CERT
Skip to end of metadata
Go to start of metadata

This guideline has not been reviewed recently and may be outdated. Please review it and comment to reflect any newly available information.

The signal() function has implementation-defined behavior and behaves differently on Windows, for example, than it does on many UNIX systems.

The following code example shows this behavior:

Many UNIX (and UNIX-like) systems automatically reinstall signal handlers upon handler execution, meaning that the signal handler defined by the user is left in place until it is explicitly removed. For example, when this code is compiled with GCC 3.4.4 and executed under Red Hat Linux, SIGINT is captured both times by handler.

When a signal handler is installed with the signal() function in Windows and some UNIX systems, the default action is restored for that signal after the signal is triggered. This means that signal handlers are not automatically reinstalled. For example, when this code is compiled with Microsoft Visual Studio 2005 version 8.0, only the first SIGINT is captured by handler.

The second SIGINT executes the default action, which is to terminate program execution.

Different actions must be taken depending on whether or not the application requires signal handlers to be persistent.

Persistent Handlers

Asynchronous signals may originate from malicious actors external to the process. Consequently, vulnerabilities may exist in cases where the signal handler persistence behavior is inconsistent with the developer's expectations, such as when the developer expects the signal handler to persist but it does not.

Noncompliant Code Example

This noncompliant code example fails to persist the signal handler on Windows platforms and on those UNIX systems where handlers are not persistent by default.

Noncompliant Code Example

A common approach to create persistent signal handlers is to call signal() from within the handler itself, consequently unresetting the reset signal.

Unfortunately, this solution still contains a race window, starting when the host environment resets the signal and ending when the handler calls signal(). During that time, a second signal sent to the program will trigger the default signal behavior, defeating the persistent behavior (see VOID SIG34-CPP. Do not call signal() from within interruptible signal handlers).

A secure solution must prevent the environment from resetting the signal in the first place, guaranteeing persistence. Unfortunately, Windows does not provide a secure solution to this problem.

Compliant Solution (POSIX)

The POSIX sigaction() function assigns handlers to signals in a manner similar to the C99 signal() function but also allows signal handler persistence to be controlled via the SA_RESETHAND flag. (Leaving the flag clear makes the handler persistent.)

POSIX recommends sigaction() and deprecates signal(). Unfortunately, sigaction() is not defined in C99 and is consequently not as portable a solution.

Nonpersistent Handlers

Errors may also occur when the developer expects the default action to be restored for a signal but instead the signal handler persists.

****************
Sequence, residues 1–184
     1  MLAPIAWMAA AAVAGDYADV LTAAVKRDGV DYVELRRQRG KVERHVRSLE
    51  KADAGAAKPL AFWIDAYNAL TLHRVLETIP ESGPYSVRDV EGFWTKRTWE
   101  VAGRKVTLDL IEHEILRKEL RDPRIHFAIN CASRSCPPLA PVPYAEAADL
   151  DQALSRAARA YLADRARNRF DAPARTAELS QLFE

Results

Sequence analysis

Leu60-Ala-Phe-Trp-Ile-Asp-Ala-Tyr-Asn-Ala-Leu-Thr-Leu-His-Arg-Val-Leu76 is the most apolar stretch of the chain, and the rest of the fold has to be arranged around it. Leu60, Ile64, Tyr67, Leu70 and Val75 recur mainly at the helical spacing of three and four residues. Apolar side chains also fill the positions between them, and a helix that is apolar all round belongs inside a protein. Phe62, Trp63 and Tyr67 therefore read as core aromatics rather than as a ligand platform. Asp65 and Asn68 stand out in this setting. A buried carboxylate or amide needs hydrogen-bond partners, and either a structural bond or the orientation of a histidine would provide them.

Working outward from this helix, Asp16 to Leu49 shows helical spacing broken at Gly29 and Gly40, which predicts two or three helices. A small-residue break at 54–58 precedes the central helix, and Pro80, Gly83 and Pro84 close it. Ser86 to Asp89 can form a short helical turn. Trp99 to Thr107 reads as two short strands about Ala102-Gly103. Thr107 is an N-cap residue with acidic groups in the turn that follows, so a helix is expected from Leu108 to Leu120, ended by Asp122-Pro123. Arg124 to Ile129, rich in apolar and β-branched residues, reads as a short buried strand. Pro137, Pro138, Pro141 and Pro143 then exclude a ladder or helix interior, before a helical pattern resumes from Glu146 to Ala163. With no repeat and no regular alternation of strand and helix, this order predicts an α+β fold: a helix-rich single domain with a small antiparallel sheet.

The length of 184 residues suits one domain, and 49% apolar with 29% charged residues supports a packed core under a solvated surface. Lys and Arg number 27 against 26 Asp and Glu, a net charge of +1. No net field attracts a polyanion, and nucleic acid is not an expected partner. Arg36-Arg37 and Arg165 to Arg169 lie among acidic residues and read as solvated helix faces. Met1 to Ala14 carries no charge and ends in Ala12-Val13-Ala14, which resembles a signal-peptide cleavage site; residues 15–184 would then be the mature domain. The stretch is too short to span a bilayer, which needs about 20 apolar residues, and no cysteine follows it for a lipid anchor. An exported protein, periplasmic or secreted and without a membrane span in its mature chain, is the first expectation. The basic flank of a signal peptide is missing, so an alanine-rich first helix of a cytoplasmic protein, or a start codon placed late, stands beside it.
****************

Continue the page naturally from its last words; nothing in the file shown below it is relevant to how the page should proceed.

Noncompliant Code Example (UNIX)

This noncompliant code example fails to reset the signal handler to its default behavior on those UNIX systems where handlers are persistent by default.

Compliant Solution (UNIX and Windows)

A C99-compliant solution to reset the handler on a UNIX system is to rebind the signal to the default handler in the first line of the handler itself. Windows, however, automatically resets handlers to default.

With the compliant solution for UNIX, there is no race condition that can be exploited by an attacker in sending a second signal. And that is because a second signal sent to the handler, before the latter calls signal(signum, SIG_DFL), will only cause the handler to restart and call signal() anyway.

This solution is an exception to VOID SIG34-CPP. Do not call signal() from within interruptible signal handlers.

Compliant Solution (POSIX)

The POSIX sigaction() function assigns handlers to signals in a manner similar to the C99 signal() function but also allows signal handler persistence to be controlled via the SA_RESETHAND flag. (Setting the flag makes the handler nonpersistent.)

Risk Assessment

Failure to understand implementation-specific details regarding signal handler persistence can lead to unexpected behavior.

Recommendation

Severity

Likelihood

Remediation Cost

Priority

Level

SIG01-CPP

low

unlikely

low

P3

L3

Automated Detection

Tool

Version

Checker

Description

Compass/ROSE  could detect possible violations by flagging any signal handler that calls signal() to (re)assert itself as the handler for its signal.
 LDRA tool suite9.5.8

 

97 D

Partially implemented

Parasoft C/C++test9.5MISRA2012-RULE-21_5_b 

Related Vulnerabilities

Search for vulnerabilities resulting from the violation of this rule on the CERT website.

Other Languages

This rule appears in the C Secure Coding Standard as SIG01-C. Understand implementation-specific details regarding signal handler persistence.

Bibliography

[ISO/IEC 9899-1999TR2] Section 7.14.1.1, "The signal function"